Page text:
|This group painted by Orlando Norie shows a mounted officer in full dress with a gold stripe on his Oxford mixture trousers, and a state sash. He is the adjutant which we can deduce from the star rank badge on his shabraque. On close inspection his collar also shows a star on the blue cloth part, with a row of gold lace on the lower edge as well as the top. His rank is Lieutenant/Brevet-Major. The bridle is quite plain compared with that worn by mounted officers of the Scots Guards today. But there is a black horsehair throat plume which is not seen in other pictures of mounted Guard officers.
The officer who is talking to him is an ensign in guard order with a red stripe on his trousers and crimson sash. His rank is shown by the crown on his collar with no gold lace on the lower edge. He differs from the officer who has his back to us in that his belt is white, not gold. He has a Crimea Medal with two clasps which suggests that he missed the first two battles and joined the regiment in October/November 1854 which means that he had been an ensign for eight years. Of the two officers on the right, the one with his back to us, in a gold belt, is a lieutenant with a star and crown on his collar (and no gold lace on the lower edge). The other officer is in a blue frock coat with forage cap and crimson sash. He carries his sword suspended from a white waist-belt. It appears that he has no chin strap on his forage cap as per regimental custom.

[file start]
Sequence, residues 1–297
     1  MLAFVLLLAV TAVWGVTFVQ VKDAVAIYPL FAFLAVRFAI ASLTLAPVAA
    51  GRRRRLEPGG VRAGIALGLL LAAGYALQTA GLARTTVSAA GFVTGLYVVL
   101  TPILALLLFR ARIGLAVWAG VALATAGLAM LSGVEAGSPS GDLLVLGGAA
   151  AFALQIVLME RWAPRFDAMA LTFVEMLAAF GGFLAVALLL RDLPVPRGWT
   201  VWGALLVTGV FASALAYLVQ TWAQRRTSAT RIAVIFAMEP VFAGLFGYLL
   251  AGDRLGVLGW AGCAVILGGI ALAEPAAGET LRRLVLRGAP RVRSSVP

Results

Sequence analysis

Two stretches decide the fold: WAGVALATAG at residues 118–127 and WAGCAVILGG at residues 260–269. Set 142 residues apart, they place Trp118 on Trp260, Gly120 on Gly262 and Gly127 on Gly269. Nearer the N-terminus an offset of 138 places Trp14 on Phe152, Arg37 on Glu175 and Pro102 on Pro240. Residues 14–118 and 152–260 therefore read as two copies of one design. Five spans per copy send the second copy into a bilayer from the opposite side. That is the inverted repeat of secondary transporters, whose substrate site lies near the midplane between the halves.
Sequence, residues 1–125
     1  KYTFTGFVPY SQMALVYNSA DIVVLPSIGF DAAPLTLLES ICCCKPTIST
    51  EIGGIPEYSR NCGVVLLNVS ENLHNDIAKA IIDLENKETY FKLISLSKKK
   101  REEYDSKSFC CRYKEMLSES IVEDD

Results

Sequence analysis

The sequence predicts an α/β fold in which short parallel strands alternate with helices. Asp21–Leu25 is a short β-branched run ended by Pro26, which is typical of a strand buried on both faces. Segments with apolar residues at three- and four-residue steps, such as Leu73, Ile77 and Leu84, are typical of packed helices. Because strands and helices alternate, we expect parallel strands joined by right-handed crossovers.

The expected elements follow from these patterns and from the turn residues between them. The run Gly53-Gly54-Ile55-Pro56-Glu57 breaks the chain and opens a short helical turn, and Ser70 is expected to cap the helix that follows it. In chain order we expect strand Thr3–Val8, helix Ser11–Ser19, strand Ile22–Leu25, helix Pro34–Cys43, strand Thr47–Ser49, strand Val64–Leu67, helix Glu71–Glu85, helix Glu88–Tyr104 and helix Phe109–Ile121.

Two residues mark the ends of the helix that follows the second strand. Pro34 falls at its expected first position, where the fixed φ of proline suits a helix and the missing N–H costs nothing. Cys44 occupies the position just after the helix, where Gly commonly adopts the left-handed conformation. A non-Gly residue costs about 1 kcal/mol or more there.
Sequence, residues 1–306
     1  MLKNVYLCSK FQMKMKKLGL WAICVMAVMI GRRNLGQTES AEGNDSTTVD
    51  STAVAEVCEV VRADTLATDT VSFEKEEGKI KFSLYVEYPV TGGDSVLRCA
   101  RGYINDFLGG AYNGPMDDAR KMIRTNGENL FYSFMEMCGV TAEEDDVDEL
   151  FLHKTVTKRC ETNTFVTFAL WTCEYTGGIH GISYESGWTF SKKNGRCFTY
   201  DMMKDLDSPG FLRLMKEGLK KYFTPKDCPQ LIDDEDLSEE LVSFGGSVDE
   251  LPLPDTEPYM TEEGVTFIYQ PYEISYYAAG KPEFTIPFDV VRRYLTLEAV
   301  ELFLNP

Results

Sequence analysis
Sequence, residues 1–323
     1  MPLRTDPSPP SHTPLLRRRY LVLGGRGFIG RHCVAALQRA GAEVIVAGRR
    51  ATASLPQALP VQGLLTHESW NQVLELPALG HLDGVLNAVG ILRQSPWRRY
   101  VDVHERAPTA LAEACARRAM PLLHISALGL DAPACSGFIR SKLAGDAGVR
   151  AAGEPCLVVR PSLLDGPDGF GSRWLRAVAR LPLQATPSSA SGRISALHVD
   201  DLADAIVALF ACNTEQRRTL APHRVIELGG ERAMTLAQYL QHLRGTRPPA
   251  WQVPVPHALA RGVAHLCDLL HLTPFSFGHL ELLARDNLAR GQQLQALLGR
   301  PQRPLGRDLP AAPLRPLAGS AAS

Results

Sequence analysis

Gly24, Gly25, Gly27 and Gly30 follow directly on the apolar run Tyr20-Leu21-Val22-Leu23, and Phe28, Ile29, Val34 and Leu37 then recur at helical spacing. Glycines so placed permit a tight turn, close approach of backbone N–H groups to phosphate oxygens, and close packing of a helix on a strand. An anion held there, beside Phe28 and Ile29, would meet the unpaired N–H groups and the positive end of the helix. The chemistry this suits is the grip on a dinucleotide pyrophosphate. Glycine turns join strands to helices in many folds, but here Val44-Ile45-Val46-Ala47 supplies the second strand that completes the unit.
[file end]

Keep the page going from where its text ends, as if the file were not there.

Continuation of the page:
The last officer who is mounted in undress must be the Commanding Officer. There were normally three mounted officers per battalion, the CO, the 2nd in command and the adjutant. This officer has a frock coat but no sash which suggests that he is not on duty but just happens to be riding by. He also has no sword belt. His forage cap has a chin strap which must be special for riding. The other ranks in the background are from the left, a sentry in guard order, two men in drill order, and on the right can be seen men in white fatigue jackets.
Uniforms | Regimental Details